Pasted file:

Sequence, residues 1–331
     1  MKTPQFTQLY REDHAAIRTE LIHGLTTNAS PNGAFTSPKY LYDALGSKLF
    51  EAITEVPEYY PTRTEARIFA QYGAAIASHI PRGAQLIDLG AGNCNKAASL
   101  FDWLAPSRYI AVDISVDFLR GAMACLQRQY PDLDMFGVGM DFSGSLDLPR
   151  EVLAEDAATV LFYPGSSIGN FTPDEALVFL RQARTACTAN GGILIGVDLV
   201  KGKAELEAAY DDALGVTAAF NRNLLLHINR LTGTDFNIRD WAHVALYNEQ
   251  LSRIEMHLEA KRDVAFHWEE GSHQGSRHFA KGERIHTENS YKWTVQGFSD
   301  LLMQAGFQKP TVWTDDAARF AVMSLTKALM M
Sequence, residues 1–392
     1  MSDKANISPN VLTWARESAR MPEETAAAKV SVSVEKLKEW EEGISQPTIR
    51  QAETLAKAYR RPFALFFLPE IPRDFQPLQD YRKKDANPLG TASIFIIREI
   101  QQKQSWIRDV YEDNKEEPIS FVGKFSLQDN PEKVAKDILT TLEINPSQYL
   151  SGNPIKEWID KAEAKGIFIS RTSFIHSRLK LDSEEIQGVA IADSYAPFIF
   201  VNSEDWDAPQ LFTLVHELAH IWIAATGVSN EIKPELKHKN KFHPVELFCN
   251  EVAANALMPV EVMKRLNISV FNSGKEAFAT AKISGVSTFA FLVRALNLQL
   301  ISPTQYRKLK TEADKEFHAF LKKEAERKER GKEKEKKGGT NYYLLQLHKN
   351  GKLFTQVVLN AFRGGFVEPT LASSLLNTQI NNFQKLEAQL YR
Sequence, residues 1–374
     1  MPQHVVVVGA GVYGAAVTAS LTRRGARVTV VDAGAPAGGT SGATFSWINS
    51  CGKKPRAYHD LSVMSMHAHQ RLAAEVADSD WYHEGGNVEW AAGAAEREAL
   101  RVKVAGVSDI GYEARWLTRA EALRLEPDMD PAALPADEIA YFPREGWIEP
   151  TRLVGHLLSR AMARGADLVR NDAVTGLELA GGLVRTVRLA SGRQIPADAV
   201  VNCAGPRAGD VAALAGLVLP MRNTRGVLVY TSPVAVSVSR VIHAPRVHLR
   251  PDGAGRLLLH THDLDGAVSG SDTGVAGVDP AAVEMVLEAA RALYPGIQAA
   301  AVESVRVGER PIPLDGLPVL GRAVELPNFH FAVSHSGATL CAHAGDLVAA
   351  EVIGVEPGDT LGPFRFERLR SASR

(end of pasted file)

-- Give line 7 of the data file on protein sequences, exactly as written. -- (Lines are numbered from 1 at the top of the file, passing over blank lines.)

   251  LSRIEMHLEA KRDVAFHWEE GSHQGSRHFA KGERIHTENS YKWTVQGFSD